Venetian - People who like full and immediate control over their blinds like Venetian. These are popular with normal windows in UK homes, especially with nosy neighbours! You can rotate the blind slats, giving you a full range between open and closed. That means you can diffuse the light as much or as little as you like.

Added Features - As we alluded to above, as the cost of skylight blinds rises, so do the number of features that come with them. Special blinds can be purchased for high humidity/moisture rooms, offering highly durable, easy to maintain materials that last. Plenty of types of blinds can also be controlled via an electronic system, making opening and closing easy, fast, and safe.

How to Install Skylight Blinds

If you lack the confidence or physical ability to install skylight blinds yourself, don’t feel bad. Most people aren’t well versed in DIY to such a degree that they can take on these types of projects. Particularly when installing larger or more complex blind systems, it’s better left to an experienced professional, and most suppliers will offer an installation service for a small fee.

If you do decide to take on installing your own skylight blinds, here’s the way to do it:

  1. Measure twice, order once - Ordering the wrong size of blinds will set you back time, effort, and money. Make sure you accurately measure the window box, and a set of blinds and brackets that fit to perfection.
  2. Do some research, then place the order - Make sure the company you buy from has a clearly explained returns policy, and that their delivery features instructions.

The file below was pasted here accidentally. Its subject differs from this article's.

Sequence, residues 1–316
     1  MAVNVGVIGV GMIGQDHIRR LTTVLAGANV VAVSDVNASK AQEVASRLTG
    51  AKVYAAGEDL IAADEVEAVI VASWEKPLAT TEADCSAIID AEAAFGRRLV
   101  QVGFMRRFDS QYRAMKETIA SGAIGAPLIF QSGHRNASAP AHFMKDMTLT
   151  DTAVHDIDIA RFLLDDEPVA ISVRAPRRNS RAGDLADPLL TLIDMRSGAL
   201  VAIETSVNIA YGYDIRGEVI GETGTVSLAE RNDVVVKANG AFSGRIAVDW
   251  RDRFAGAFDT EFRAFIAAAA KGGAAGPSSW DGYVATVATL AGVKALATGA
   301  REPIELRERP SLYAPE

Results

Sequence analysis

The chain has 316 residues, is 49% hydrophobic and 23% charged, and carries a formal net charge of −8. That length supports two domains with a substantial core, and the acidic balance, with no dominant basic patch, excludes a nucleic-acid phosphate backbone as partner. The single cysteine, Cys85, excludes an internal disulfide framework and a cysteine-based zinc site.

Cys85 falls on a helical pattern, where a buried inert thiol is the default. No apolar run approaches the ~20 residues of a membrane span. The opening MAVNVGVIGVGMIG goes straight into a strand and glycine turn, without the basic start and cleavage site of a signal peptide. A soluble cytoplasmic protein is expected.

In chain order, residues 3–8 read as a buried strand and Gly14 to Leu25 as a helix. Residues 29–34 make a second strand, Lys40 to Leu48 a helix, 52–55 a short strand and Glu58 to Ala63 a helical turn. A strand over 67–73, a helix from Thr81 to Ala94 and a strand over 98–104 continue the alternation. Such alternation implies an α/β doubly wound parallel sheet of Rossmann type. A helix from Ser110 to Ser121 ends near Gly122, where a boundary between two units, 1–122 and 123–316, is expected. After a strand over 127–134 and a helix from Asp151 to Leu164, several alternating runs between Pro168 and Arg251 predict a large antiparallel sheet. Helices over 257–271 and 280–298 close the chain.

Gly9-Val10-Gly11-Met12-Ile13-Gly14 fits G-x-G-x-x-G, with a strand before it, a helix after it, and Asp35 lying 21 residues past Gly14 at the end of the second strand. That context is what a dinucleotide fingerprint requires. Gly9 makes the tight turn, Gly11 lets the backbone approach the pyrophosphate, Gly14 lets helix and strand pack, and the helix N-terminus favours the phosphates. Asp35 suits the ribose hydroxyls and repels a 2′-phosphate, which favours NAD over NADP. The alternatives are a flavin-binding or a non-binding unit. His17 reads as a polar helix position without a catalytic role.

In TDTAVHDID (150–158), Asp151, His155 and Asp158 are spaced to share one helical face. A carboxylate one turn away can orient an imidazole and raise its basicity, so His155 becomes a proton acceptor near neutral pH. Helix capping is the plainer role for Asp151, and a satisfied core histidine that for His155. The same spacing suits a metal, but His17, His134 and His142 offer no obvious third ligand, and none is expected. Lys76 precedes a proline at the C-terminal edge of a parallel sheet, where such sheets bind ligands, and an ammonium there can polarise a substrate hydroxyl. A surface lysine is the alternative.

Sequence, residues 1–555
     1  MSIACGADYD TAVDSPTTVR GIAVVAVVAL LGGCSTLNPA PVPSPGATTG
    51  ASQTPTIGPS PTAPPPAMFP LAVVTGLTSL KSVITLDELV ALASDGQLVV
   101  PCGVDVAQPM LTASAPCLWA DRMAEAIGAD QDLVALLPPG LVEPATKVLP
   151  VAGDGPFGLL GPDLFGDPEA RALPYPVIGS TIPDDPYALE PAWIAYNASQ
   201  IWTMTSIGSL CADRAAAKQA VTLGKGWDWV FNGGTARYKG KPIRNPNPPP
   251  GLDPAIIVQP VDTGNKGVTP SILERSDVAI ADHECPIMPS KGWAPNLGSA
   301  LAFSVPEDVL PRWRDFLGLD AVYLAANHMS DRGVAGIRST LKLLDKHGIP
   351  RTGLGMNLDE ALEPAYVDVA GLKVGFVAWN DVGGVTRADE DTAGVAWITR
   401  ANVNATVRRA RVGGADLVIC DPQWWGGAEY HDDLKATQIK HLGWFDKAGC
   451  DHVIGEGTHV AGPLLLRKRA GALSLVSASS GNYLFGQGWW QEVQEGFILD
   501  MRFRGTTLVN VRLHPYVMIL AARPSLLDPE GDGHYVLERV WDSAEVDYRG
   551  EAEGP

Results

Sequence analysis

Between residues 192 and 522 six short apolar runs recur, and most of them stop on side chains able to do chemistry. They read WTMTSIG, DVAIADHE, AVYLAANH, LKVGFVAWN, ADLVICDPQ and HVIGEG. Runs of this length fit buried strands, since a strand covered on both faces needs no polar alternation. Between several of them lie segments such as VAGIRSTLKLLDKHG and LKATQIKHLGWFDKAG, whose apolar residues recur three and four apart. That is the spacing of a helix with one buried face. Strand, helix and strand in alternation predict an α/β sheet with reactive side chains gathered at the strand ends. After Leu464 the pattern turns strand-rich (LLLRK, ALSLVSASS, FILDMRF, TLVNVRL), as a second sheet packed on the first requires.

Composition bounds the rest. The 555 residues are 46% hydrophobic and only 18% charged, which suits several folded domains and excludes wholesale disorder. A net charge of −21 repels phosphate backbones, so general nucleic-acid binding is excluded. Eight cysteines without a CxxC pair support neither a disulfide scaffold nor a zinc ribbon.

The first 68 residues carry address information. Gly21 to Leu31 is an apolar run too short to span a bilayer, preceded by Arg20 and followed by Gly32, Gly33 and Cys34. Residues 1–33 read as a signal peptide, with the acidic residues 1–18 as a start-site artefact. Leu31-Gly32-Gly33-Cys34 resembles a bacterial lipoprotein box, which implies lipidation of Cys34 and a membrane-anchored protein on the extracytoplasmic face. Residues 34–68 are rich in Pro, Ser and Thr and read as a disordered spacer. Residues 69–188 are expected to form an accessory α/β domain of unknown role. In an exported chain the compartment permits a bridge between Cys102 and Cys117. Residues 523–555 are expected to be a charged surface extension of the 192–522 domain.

3. Inventory your delivery - Nothing’s worse than starting an installation and realising you’re missing parts. Cross-check everything in the box with the instructions, and make sure nothing’s missing.
  4. Drill/Screw the side tracks into the window box - Make sure the tracks are the right way up, i.e. the thicker portion is closer to the ground. This ensures the blinds don’t fall out. It’s always worth marking the spots for drilling with a pencil - that way, you’ll hold yourself to a set position that’s right.
  5. Place the top brackets - This is where things start to differ based on the type of flat roof skylight blinds you elect to buy. Each instruction pack will be different, but generally, you can install them with a Phillips head screw driver with little effort.
  6. Follow the instructions on how to place the blind itself - Again, it’s tough to offer standardised advice here, because most blinds are slightly different from each other. Read, then reread the instructions, then connect the blinds to the top brackets.

If your flat roof skylight blinds have extra features, for example, electronic controls, they may be a little more complex to install. That said, many companies will offer a low cost or free installation based on the higher cost of the blinds themselves.

If you’re ready to start on a skylight blinds project, we’re on hand to help.

Click here to browse our range of high quality blinds in a range of styles.

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Skylight Blinds: A Guide To The Different Types